Published on 30th January 2016
Johannes Luley & Ryan Hurtgen – Perfect Beings
In Search of Perfect Beings…
To coincide with his review of Perfect Beings‘ second album, II (which you can read HERE), The Progressive Aspect’s Tony Colvill spoke with Johannes Luley and Ryan Hurtgen from the band. Once connected over the great distance between Devon and Los Angeles, Johannes and a possibly bleary eyed Ryan talked about the album, the band, its progression, the future and touring.
TPA: Hi, I like the new album, not an instant like, but it grows on you and stays with you in a nice way. To my ears you seem to have come a long way since the first album. I was listening to the first album earlier today. The production on II is slicker and the band seems more confident in its music. Do you feel this is the case?
[Hmm, not a good start. Checks notes – oops, Johannes is the producer. Foot firmly in mouth…]
TPA: Is there a theme that runs through the album?
Johannes: The theme is more about embracing the name of the band, Perfect Beings on the second record. More embracing the spirituality, whereas the first was more political. The first was more ideological; of addressing societal issues. II is more spiritual, internal, a singular journey. There is a distinction in the characters of both albums. In each album I inhabited a different person. I tried to do something different than I had before.
TPA: I watched the video for Rivermaker, is that addressing an environmental theme?
Ryan: Definitely, it’s a commentary on man and nature. It’s not outside of man, I wanted to play on the idea of the beauty in nature, of being serene, without humans. But humans are a part of nature too. There is a bit of an environmental message at one point.
TPA: It’s the stand out track on the album for me, stripped down at the start, and seems stronger in its message for it.
Johannes: This particular song is as you described, fairly stripped down in the beginning, it conjured up a lonely piano man image in my mind. Elton John or Billy Joel, not that Ryan sounds like either of those guys, until the orchestra comes in and the band join, and all mayhem breaks loose.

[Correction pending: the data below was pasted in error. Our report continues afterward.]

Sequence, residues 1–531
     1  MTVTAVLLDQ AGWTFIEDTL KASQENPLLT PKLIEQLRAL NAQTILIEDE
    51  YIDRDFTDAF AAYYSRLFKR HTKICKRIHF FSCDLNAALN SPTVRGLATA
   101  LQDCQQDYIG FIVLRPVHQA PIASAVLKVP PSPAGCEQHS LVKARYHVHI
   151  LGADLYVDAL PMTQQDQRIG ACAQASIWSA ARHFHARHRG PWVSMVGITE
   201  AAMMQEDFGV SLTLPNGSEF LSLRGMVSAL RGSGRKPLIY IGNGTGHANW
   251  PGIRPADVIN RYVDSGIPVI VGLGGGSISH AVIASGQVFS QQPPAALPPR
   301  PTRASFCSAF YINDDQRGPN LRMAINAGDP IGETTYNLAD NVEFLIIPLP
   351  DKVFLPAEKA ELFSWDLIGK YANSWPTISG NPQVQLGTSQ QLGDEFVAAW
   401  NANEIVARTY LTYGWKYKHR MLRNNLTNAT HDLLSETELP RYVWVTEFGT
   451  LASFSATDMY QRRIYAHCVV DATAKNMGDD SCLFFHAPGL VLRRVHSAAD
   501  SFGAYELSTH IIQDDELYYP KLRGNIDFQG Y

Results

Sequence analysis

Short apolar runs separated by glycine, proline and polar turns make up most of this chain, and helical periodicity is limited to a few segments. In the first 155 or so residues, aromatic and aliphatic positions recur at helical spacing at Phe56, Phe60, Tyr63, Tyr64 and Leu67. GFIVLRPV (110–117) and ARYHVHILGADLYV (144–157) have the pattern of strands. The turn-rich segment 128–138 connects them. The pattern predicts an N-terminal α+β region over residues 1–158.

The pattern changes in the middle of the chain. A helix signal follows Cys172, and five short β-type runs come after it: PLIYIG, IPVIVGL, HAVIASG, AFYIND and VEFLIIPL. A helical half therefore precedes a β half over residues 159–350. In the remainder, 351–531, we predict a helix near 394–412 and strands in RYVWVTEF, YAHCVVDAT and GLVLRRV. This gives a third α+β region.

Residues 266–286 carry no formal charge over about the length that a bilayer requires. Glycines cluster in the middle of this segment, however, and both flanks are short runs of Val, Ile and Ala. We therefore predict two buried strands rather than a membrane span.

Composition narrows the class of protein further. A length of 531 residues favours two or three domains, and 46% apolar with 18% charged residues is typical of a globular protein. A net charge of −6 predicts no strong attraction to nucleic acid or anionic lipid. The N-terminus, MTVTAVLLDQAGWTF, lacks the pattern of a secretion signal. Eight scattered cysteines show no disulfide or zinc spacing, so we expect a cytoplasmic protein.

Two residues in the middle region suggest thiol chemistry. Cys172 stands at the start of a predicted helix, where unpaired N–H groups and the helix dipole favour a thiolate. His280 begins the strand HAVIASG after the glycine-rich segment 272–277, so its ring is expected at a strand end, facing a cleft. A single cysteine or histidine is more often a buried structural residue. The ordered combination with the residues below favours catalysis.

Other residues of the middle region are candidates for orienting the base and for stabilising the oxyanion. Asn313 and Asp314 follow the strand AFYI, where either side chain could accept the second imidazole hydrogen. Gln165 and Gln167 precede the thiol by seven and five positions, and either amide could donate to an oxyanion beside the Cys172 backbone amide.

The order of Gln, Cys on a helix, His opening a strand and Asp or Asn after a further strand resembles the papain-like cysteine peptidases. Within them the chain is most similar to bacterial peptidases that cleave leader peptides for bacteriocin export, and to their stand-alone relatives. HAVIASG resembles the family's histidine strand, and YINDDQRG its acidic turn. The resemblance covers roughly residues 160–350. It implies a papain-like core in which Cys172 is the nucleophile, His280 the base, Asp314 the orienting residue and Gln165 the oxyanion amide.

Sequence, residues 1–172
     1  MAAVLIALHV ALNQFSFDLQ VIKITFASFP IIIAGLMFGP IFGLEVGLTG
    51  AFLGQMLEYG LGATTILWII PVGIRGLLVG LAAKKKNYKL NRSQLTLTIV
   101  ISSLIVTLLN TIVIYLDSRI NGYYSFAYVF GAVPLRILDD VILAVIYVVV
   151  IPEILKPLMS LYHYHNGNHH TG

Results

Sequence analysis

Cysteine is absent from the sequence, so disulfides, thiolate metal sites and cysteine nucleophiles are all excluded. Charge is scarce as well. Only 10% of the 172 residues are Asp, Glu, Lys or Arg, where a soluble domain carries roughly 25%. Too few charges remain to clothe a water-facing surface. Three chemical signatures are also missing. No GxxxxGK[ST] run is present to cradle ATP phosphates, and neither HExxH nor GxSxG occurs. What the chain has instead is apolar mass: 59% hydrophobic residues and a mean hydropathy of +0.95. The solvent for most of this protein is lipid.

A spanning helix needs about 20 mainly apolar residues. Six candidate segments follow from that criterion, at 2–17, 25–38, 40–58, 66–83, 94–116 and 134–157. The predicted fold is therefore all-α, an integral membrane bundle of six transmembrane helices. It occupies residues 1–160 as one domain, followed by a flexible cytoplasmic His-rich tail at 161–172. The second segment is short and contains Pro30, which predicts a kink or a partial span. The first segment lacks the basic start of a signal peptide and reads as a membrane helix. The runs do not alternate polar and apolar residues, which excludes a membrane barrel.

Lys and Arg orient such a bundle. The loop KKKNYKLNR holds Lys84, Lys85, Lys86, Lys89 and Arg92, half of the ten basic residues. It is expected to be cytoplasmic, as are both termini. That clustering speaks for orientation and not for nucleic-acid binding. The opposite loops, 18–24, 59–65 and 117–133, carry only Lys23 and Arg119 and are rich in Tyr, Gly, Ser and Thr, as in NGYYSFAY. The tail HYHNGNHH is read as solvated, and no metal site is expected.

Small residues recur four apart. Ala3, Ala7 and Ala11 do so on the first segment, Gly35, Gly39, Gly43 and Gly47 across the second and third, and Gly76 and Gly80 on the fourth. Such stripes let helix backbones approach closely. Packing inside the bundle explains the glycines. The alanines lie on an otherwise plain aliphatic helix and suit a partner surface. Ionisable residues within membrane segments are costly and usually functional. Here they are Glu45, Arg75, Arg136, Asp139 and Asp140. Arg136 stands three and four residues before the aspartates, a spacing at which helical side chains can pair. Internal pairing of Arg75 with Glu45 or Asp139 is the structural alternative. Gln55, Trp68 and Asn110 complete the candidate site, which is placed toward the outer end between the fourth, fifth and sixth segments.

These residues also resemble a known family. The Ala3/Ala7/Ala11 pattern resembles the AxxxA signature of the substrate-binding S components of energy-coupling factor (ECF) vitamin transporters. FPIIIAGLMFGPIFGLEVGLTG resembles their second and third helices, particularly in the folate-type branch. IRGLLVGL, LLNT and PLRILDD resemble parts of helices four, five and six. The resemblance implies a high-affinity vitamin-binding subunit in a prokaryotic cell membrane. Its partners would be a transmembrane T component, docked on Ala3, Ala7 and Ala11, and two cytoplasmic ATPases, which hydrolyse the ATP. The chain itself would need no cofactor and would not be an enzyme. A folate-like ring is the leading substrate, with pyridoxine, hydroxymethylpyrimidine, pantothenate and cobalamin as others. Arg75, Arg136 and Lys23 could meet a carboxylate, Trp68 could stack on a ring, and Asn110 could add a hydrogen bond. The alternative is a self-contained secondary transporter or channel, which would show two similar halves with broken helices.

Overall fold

TPA: I thought the only mayhem on the album was Cause and Effect. Where it almost like you’d gone into the studio and said “who wants to do what?” It seems quite loose in structure.
[They laugh. Phew!]
Johannes: The idea for Cause and Effect – or even the whole second album – was contrast, trying to contrast chaos with harmony. It plays on the theme, lyrical concept of Cause and Effect. This musically goes here, and then we’ll contrast that. It’s like in one sense it slams in, really with chaos, and you don’t know where you are. You don’t know where your feet are; you don’t know where the tempo is, which is sometimes where we are as humans; and then clarity. The clarity is how it felt carrying the weight of it, and that is shown musically by going to the more synchronised perfect harmony that follows chaos. There is a lot of stylistic things like that, that’s how we approach this, a more holistic vision of matching the music for the lyric, and making the music speak for the lyric. That’s something that we try to address with this band.
TPA: I can’t say it is an album that I put on and instantly went ‘Wow!’. There were a couple of wows, but the more I listened the better it got, the album seemed to gel together becoming a favourite on various sources, MP3, HiFi, Car.
Ryan: What did you take from the listening?
TPA: First and foremost were the influences, the music TPA receives gets thrown into the melting pot, a variety of opinions are tossed in, and someone chooses to review. The key is whether something is derivative or unique and Perfect Beings have offered up a vehicle that is very much their own. It’s progressive with pop tendencies, which is not such a bad thing because you want people to listen.
Johannes: Exactly, our approach is to definitely have accessible vocal hooks, woven into music that might not be otherwise accessible. You’ve hit it spot on there, it is really what we are about.